Associations between E-cigarettes and Subsequent Cocaine Use in Adolescence: An Analysis of the UK Millennium Cohort Study

Constanza P. Silva, Jennifer L. Maggs, Brian C. Kelly, Mike Vuolo, Jeremy Staff

Research output: Contribution to journalArticlepeer-review

2 Scopus citations

Abstract

Introduction: Nicotine exposure via early combustible cigarette smoking can prime the adolescent brain for subsequent cocaine use. However, there is limited evidence whether e-cigarette use, a nicotine delivery system that is increasingly popular among youth, is associated with later cocaine use. We examine the association between e-cigarette use by the age of 14 years and cocaine use by the age of 17 years. Aims and Methods: The Millennium Cohort Study is a nationally representative sample of 18 552 9-month-old children born between September 2000 and January 2002 in the United Kingdom. Follow-up interviews and surveys were collected from children and their caregivers at modal ages 3, 5, 7, 9, 11, 14, and 17 years. Our analytic sample included 340 youth who had used e-cigarettes by age 14 years (exposure variable), matched using coarsened exact matching, to 4867 nicotine naïve youth on childhood common liability confounders and demographics measured from infancy to age 11. The outcome was cocaine use by the modal age of 17 years. Results: Of the 5207 successfully matched youth, 7.6% of adolescent e-cigarette users by age 14 years used cocaine by age 17 years versus 3.1% of non-e-cigarette users. Multivariable logistic regression in the matched sample indicated that e-cigarette use by age 14 years was associated with 2.7 times higher odds of cocaine use by age 17 years (95% CI, 1.75 to 4.28). Conclusions: These findings in a UK sample showed that e-cigarette use in early adolescence is associated with higher odds of cocaine use later in adolescence, similar to risks posed by tobacco cigarette smoking. Implications: In this large-scale prospective cohort study (n = 5207), youth who had used e-cigarettes by the age of 14 years were matched to nicotine naïve youth on childhood common liability confounders and demographics measured from infancy to age 11 years (e.g. school engagement, risk-taking propensity, delinquency, peer and parental smoking, parental educational attainment). After matching, 7.6% of age 14 years e-cigarette users had subsequently used cocaine by the age of 17 years versus 3.1% of non-e-cigarette users. Although e-cigarettes are promoted as a strategy for nicotine-dependent users to reduce the harms of combustible cigarettes, the evidence here suggests that for nicotine naïve youth, they may increase the risk of subsequent cocaine use.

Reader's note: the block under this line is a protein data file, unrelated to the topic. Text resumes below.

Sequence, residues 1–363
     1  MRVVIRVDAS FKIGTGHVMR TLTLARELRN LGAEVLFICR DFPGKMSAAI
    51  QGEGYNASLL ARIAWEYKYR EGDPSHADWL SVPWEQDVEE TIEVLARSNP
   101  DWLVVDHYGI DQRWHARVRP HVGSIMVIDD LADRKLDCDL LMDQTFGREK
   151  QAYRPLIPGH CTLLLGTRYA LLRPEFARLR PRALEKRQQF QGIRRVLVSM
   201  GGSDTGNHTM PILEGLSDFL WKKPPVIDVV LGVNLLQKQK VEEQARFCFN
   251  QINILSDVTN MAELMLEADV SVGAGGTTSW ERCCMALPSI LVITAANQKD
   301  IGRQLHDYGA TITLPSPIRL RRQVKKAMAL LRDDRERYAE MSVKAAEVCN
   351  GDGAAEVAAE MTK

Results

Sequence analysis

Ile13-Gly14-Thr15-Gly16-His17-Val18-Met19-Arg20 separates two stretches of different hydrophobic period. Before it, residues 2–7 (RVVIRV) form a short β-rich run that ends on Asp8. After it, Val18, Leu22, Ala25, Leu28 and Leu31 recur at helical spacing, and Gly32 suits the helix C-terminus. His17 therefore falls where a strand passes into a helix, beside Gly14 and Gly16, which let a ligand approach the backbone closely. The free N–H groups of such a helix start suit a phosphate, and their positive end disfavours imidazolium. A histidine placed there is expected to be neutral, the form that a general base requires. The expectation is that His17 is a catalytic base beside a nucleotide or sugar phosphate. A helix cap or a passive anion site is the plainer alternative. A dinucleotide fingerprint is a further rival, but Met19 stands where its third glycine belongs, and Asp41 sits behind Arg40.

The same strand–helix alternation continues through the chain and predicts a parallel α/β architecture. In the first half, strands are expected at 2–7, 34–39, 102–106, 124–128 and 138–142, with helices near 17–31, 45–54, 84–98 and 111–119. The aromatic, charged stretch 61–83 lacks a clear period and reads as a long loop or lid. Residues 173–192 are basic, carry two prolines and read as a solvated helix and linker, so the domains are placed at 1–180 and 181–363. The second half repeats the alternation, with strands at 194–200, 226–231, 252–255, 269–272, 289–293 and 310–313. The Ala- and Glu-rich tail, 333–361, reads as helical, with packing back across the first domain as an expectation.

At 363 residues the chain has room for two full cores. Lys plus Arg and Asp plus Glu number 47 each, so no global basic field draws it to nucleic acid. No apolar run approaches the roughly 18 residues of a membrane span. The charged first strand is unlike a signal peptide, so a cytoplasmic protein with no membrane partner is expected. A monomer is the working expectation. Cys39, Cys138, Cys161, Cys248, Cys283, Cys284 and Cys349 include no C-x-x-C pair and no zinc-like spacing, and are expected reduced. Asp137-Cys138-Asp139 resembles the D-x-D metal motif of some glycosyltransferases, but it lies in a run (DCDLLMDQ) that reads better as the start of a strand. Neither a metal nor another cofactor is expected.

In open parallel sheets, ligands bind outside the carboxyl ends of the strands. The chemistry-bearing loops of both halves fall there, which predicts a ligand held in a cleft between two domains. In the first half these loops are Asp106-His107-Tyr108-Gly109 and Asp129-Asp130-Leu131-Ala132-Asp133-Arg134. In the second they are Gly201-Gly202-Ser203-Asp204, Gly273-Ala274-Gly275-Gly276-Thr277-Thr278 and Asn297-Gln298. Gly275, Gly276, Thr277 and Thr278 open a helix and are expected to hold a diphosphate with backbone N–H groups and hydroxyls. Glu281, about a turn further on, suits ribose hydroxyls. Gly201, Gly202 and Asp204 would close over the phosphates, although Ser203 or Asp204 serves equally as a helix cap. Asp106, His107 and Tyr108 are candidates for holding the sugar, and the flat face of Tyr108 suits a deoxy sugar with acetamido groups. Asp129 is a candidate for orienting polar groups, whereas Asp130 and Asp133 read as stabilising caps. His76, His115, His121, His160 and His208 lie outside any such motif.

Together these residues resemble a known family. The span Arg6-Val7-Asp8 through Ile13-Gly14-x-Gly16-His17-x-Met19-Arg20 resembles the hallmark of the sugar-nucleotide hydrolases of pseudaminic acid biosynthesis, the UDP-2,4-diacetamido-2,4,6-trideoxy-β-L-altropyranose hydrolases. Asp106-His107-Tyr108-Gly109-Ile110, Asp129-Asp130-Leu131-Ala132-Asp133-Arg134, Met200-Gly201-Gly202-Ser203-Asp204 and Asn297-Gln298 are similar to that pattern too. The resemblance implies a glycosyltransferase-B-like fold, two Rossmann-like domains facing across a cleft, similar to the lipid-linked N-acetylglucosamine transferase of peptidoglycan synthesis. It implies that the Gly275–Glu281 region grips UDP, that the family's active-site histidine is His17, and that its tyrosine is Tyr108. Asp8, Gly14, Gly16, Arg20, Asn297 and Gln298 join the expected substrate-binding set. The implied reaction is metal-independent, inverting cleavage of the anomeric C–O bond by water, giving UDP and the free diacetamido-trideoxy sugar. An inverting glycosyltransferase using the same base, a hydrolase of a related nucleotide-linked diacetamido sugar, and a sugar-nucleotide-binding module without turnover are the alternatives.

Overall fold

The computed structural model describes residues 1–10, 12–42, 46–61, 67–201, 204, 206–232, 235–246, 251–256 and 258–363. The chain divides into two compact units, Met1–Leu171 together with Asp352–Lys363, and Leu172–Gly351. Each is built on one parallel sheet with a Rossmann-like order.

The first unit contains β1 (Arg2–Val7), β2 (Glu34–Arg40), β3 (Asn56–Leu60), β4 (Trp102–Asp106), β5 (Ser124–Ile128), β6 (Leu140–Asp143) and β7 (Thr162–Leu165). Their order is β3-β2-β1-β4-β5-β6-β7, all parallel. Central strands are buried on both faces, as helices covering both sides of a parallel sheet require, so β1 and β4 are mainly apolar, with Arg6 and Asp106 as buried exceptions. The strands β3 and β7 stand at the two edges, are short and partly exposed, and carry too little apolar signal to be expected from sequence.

Original languageEnglish (US)
Article numberntac219
JournalNicotine and Tobacco Research
Volume25
Issue number3
DOIs
StatePublished - Mar 1 2023

All Science Journal Classification (ASJC) codes

  • General Medicine

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